Two hundred environmental, peace, consumer, religious organizations and small businesses -- including WNPJ and eight other Wisconsin groups -- have joined together to blast the newly introduced Kerry-Lieberman “climate” bill, called the American Power Act, as a taxpayer bailout of the nuclear power industry and other dirty energy interests that would be ineffective at addressing the climate crisis. The groups pledged to oppose the bill unless substantial changes are made, including removing all support for nuclear power.
"This is a re-run of the recent Wisconsin battle over a climate change bill that was hijacked by the nuclear industry," said Bill Christofferson of WNPJ's Carbon Free Nuclear Free campaign. "But the stakes are even higher in this bill."
Wisconsin groups signing a statement by the Nuclear Information and Resource Service included: John LaForge, Nukewatch; Guy Wolf, Coulee Region Progressives; Gail Vaugh, DownRiver Alliance; Irene Mehlos, Merrill Peace Study; Christopher LaForge, Great Northern Solar; Northern Futures Foundation of Port Wing; Kickapoo Peace Circle, of Viroqua; and Al Gedicks, Wisconsin Resources Protection Council.
Among other provisions, the bill is expected to:
*provide $54 billion in taxpayer “loan guarantees” for construction of new nuclear reactors. These “loan guarantees” would actually be direct taxpayer loans from the government’s Federal Financing Bank. It would also provide a 10% tax break to wealthy utilities for nuclear construction costs.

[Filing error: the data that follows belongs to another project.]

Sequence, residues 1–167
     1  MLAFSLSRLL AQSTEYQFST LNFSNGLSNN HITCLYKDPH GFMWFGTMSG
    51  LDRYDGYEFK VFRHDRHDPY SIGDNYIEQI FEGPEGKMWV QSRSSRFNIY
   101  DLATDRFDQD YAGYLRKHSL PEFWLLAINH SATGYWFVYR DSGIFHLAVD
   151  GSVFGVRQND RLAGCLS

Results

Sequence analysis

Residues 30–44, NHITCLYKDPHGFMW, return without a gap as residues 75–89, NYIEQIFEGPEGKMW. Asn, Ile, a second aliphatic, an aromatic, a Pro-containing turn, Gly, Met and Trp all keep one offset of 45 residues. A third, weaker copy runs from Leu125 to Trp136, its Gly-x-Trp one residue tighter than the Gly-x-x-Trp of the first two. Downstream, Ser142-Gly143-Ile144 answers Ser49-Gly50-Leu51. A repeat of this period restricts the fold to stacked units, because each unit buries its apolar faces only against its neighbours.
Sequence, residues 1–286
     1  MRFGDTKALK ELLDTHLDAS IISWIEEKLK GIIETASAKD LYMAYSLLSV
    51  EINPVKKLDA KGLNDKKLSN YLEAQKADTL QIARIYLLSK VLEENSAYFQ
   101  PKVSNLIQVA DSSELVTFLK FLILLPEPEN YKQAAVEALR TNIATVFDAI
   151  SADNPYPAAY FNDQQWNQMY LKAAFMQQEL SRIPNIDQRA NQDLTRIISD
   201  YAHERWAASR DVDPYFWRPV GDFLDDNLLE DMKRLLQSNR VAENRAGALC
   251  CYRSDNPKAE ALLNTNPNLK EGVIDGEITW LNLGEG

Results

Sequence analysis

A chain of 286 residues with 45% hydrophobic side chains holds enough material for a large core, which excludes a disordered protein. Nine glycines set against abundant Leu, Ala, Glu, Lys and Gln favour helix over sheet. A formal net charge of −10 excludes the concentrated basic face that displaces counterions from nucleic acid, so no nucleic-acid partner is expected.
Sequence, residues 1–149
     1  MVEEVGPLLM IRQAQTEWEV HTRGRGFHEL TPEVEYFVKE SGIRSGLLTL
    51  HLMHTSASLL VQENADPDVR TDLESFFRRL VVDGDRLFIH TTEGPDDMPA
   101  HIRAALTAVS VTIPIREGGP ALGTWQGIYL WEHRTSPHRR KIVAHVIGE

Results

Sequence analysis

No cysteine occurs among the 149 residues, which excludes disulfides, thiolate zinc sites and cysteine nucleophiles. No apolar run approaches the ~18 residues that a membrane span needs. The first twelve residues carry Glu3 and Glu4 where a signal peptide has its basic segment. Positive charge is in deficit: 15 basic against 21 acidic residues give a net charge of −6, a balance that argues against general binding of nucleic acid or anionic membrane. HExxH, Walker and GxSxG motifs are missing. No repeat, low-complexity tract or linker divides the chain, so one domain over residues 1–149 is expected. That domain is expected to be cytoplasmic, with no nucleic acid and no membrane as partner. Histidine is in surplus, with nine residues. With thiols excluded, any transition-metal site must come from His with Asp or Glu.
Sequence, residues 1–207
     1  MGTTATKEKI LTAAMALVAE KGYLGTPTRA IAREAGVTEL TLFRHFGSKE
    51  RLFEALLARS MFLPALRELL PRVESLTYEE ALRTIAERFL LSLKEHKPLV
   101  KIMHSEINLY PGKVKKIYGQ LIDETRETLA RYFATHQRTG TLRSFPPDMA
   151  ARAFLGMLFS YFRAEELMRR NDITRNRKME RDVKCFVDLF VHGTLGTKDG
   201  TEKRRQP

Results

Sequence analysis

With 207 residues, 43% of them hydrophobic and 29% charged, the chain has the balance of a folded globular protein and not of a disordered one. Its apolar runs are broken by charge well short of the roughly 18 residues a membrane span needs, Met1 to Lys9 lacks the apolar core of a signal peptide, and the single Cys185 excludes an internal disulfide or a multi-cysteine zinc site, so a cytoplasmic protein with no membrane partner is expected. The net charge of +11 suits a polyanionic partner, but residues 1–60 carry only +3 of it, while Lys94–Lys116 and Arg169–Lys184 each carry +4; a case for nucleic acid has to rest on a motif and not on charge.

*create a “Clean Energy Deployment Administration” (CEDA) with the authority to provide unlimited taxpayer loans for new reactor construction without Congressional oversight.
*support dirty and dangerous reprocessing technologies, authorize billions of dollars in nuclear research and development, and legislatively attempt to speed the nuclear reactor licensing process despite a recent report from the Bipartisan Policy Center that found the industry is primarily to blame for the slow pace of licensing.
*continue to support offshore oil drilling near much of the U.S. coastline despite the calamitous BP oil spill.
*provide $10 billion for wasteful and impossible “clean coal” development.
On this fortieth anniversary of Earth Day, we have something to celebrate -- Wisconsin's safeguards on new nuclear reactors remain intact!
The state Senate adjourned for the session without voting on the Clean Energy Jobs Act (Senate Bill 450 / Assembly Bill 649). That means the bill is dead.
This is a bittersweet victory. We would have preferred that the state legislature pass a climate bill strong on renewables and energy efficiency that didn't undermine our nuclear safeguards.
Unfortunately, that wasn't what was under consideration. But, thanks to your activism, we sent a strong message -- nuclear isn't clean energy and isn't the answer to global warming!
We've laid the groundwork for a truly green, carbon free and nuclear free state energy policy.
Thank you for your calls, emails, petition signatures, lobby day visits, letters to the editor and other ways -- large and small -- that you and others across the state took action. Together, we made a difference.